I don't normally write reviews for books I don't care for but this one had so many positive reviews that I felt it necessary to add my opinion.
First, the author writes the book from the perspective of almost every character in the book, which is not necessarily bad, but she often switches from one person to another in mid sentence. This is annoying and very hard to follow. She also has a tendancy to be talking about an event or thought that is currently taking place and then goes on to explain stuff that WILL happen in the future and then add "but she didn't think of that now" or "but that wouldn't happen for years". If it didn't happen or wasn't thought of, don't bring it up. It's distracting from the story.
As for the story, I was excited to read a "Horse Whisperer" style novel with a female as the main character however she isn't really the main character and the story is pretty much pointless and doesn't really have anything to do with the horses. A story should have a beginning middle and end. The beginning of this book brings the young girl to a ranch and gets her hired on to break some horses. At this point characters should be developing so that we begin to understand who they are and why they do what they do. The author falls short on this. You get a vague sense of who each of them are but nothing more.
The middle is just a long rambling of events, none of which REALLY matter. Even the romance between the girl and guy is underwhelming and you keep expecting something to happen but it never does. In fact NOTHING really happens. People die and bones are broken but none of them are written as the main pivot point of the story.
The end is just a rushed wrap up as if the author got just as bored writing it as I got reading it.
The last complaint I have is the narrator. She was horrible. The book was read as if to a class full of school kids. The performance was overly dramatic and at times I stopped paying attention to the words because her performance was annoying me to the point of distraction. I will avoid listening to books read by her from now on.
Poorly written, poor story development, poor character development
Any of them could have been cut. Not one character was developed enough to be pivotal to the non existent story line.
Great story filled with well written characters and a fabulous performance, just as I have come to expect from Charles Todd.
I have listened to all of both series by Todd and they are great. This one was particularly intriguing because you really have no idea until the end who did what. Well done
This is the best version I have heard of the Arthurian legend. It deals mostly with the religious struggle and less with the sorted love story, although that plays a major role. I was slightly disappointed with the conclusion. Morgain's revelation at the end just seemed a bit contrived. Knowing the status of women throughout history it didn't really ring true to me. But overall it was a good and thought provoking story.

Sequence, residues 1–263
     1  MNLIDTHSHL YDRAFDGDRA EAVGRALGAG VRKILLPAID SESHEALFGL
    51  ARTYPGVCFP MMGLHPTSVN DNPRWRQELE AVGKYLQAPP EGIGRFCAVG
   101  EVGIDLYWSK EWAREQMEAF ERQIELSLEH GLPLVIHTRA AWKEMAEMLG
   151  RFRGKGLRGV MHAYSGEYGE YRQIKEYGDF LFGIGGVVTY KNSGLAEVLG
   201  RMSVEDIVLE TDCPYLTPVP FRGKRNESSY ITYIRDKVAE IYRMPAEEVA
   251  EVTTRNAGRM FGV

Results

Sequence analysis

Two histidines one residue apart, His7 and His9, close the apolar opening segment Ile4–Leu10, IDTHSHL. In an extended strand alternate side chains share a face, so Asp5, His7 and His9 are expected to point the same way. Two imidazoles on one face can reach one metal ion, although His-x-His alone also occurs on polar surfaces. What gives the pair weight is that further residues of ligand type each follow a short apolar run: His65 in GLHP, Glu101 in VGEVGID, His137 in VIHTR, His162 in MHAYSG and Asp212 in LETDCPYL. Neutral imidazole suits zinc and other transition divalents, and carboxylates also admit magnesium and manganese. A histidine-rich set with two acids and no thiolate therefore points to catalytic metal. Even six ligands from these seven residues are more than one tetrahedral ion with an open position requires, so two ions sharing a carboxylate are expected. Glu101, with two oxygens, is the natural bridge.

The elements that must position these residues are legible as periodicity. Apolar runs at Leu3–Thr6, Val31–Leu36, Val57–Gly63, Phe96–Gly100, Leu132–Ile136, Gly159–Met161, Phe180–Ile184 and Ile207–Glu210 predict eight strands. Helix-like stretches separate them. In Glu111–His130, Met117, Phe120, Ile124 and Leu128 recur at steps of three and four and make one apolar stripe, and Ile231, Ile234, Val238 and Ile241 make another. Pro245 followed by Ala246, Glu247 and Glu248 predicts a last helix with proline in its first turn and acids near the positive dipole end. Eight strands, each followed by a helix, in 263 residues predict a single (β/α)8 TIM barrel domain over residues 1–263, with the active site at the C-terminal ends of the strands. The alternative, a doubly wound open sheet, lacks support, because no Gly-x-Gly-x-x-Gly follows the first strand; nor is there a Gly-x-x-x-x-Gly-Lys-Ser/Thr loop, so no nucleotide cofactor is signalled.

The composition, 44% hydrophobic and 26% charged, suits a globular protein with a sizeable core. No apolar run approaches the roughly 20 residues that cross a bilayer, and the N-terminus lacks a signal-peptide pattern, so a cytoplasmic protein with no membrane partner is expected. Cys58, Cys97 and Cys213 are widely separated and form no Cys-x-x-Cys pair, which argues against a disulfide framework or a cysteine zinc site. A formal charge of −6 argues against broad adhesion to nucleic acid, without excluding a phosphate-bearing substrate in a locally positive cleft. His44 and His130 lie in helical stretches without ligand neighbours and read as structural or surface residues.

I love this series and absolutely anything read by Davina Porter. The St Cyr series is very well thought out and intriguing but above all it is well written. It is the kind of mystery that you are trying to solve all the way to the end. And the personal drama is evolving nicely. Great read.
This is a good story and interesting concept but the story leaves something missing in the end. It kept me engaged all the way through but was not as fulfilling as other similar type books I have read.
Yes the plot was engaging and exciting but disjointed. It was as if there were 3 separate book ideas forced into one storyline. Each idea was good and kept me engaged but distracted from the overall plot of the book.
The best scenes were of Shadow on the tree but I kept hoping for more revelation and some "a ha" moment that never really came.
From the very beginning I was fascinated by the concept of old gods vs new gods and the main character's interaction with them both. Unfortunately the book never really reached the concepts full potential. The whole book is a build up to a battle that just never happens. Even though the story leaves the reader wanting something more the story is a good one. I had hope for an intellectual question and was expecting some thought provoking ideas. Throughout the book I believed that was where the author was taking us but then he just didn't.
The narration is wonderful as is the norm for George Guidall. He is a narrator you either love or don't and I am firmly in the love him camp. He captures Shadow's character in a believable way and his secondary voices are always consistent so you always know who is speaking even if the author doesn't tell you right away.
All in all I would recommend American Gods as a good and interesting story but don't expect thought provoking philosophical questions.
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